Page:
February 8, 2002

The £6,000-a-year Anglo-European College of Chiropractic appears to have a novel way of testing its students - it recycles its test questions.

The THES has copies of two second-year biochemistry test papers - one from March 1998, another for March 2000 - used at the AECC, an associate college of the University of Portsmouth. Both papers pose 50 "true or false" questions, but 25 of the questions appear in identical form on both papers.

Gabriel Donleavy, the principal and chief executive, said the papers were "merely class test papers that contribute no more than 10 per cent of the total mark for biochemistry".

He explained: "The test is aimed at capturing recall of simple but important facts. As there are only a limited number of such facts, it is to be expected that repetition of questions over the years will occur. But it would surely be most strange for a student to rely on rote learning of previous years' multiple-choice alternative letters rather than to learn the associated facts themselves."

One former AECC student, Philip Moroney, who is in dispute with the college over his forced withdrawal from the course, has complained that irrespective of the papers' contribution to the final mark, the tests should not have been so similar. He believes the papers contain a high percentage of identical questions each year, but he has not been able to obtain other past papers. He also claims that as students had been allowed to keep question papers on an ad hoc basis, and as the past papers are not available to all in the library, students have had unequal access to them, giving some an unfair advantage.

Professor Donleavy refuted Mr Moroney's claim: "Our policy is that all past papers are archived in the library and are available to all enrolled students. Access via previous students is superfluous and irrelevant." But when asked to provide copies of the biochemistry papers for 1999 and 2001, to compare with the 1998 and 2000 papers, Professor Dunleavy confirmed that these papers were not available in the library. He said only final exam papers were held.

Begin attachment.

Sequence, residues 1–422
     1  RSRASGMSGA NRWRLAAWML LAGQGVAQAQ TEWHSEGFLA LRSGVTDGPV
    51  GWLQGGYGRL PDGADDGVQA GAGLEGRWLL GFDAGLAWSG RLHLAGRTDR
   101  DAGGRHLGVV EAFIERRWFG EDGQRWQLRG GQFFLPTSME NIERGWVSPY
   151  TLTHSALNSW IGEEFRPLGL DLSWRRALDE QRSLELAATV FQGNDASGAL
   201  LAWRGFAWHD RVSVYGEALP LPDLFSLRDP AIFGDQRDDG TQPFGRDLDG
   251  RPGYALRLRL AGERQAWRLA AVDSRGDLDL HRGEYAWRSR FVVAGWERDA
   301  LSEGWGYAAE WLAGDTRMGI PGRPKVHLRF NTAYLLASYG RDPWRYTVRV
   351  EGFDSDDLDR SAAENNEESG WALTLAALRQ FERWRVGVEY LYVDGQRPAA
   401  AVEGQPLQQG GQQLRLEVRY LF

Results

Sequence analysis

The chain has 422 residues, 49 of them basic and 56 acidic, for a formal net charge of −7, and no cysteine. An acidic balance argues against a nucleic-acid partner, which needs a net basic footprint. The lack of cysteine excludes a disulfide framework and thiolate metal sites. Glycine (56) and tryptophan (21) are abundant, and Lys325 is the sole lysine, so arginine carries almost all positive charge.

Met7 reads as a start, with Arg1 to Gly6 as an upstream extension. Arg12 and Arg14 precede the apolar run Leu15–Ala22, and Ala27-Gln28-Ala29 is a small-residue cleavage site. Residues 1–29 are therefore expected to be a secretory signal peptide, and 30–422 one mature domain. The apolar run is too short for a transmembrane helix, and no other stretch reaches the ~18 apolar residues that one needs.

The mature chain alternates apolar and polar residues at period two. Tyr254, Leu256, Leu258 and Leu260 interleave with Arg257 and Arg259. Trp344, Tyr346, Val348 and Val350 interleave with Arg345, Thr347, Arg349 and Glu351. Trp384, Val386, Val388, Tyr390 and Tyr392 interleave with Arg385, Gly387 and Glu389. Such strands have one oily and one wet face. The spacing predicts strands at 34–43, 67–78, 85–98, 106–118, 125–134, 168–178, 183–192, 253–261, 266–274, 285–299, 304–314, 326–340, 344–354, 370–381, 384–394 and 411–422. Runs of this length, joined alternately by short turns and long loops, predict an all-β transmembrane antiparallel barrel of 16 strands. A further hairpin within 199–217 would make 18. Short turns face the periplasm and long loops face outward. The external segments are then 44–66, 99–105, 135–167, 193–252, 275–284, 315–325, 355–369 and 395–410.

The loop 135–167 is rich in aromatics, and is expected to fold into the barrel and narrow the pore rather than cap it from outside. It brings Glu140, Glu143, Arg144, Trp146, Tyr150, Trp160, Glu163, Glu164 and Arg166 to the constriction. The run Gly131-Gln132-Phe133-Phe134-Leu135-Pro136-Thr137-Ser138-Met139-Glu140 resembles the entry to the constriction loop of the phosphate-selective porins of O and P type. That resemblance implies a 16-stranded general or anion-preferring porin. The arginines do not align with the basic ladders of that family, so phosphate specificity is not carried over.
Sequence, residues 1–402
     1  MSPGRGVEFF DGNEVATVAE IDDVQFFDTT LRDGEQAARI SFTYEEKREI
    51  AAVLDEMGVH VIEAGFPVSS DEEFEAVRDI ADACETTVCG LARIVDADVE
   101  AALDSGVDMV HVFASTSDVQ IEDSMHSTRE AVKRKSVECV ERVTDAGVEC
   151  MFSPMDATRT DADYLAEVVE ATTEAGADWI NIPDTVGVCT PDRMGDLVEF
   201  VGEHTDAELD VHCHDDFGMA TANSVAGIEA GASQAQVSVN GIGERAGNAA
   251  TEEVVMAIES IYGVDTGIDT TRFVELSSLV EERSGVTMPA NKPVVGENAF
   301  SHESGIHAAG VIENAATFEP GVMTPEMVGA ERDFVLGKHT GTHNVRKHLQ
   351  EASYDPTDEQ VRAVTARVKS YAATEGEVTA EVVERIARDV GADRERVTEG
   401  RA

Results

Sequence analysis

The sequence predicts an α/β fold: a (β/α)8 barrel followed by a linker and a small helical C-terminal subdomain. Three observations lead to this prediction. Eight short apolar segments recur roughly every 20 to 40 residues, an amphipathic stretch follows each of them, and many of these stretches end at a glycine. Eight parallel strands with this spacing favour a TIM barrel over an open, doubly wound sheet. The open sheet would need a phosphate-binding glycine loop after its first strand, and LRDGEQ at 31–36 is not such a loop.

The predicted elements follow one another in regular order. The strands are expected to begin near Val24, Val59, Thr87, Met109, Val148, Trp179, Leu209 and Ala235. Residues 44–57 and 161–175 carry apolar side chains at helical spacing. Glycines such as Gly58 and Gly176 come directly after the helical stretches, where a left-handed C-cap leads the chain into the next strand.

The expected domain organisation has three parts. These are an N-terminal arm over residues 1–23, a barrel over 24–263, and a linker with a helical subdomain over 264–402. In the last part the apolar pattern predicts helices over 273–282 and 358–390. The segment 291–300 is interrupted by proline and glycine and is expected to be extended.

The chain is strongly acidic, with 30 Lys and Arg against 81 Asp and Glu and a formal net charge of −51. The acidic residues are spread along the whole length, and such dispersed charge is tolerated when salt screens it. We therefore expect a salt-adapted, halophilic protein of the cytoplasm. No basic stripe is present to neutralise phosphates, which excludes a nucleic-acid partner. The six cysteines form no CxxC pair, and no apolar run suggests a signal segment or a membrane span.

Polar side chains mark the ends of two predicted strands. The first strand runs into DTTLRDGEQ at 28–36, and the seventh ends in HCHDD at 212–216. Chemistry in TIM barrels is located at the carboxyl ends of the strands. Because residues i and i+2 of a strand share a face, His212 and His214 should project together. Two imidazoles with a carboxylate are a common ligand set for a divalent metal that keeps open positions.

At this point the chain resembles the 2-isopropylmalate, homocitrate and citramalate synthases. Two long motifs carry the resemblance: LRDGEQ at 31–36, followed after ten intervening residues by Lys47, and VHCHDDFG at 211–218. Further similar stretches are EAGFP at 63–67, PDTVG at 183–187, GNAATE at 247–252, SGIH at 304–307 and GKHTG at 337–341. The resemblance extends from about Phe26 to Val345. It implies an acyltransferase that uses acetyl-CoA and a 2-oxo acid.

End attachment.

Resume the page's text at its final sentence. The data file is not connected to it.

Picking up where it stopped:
Alan Tyler, the tutor responsible for the test papers, said: "I would confirm that the class test papers are not archived in the college library. It has been common practice in recent years to allow students to retain their in-class test papers, while spares have been made available from individual tutors' offices, on request, to those students anxious to get a 'feel' for the scope of the test paper and its material."

He said he could not release the 1999 and 2001 papers to The THES because "I do not still retain any copies of these items".

A spokesman for the University of Portsmouth said: "On the question of examinations set by AECC, the university has no reason to doubt either their standards or their integrity."

Audit expertise added in Cambridge reform
Cambridge University is reforming its audit committee to include independent external members for the first time after an inquiry condemned the university's accountability.
In his independent review of Cambridge's bungled implementation of a new financial accounting system late last year, Michael Shattock said the audit committee "did not provide the rigorous, independent view of the university's affairs that the university needed".

The committee, chaired until January 2001 by David Thomson, theologian and former bursar of Fitzwilliam College, failed to provide proper warnings that the university's financial system was heading for collapse, at a cost of millions of pounds. Cambridge's finances remain murky.

Professor Shattock said the audit committee should have a majority of lay members with relevant expertise and a lay chairman with a recognised ability to take an "external and critical view" of Cambridge's affairs.

"There is perhaps a natural tendency in Cambridge to seek to rebuff criticisms and to be reluctant to take on board doubts and warnings expressed from outsideI A strong and, where necessary, questioning audit committee is a benefit to a university although it may constitute an uncomfortable bedfellow."

This week, the university put forward recommendations to reconstitute its audit committee in line with Professor Shattock's recommendations.

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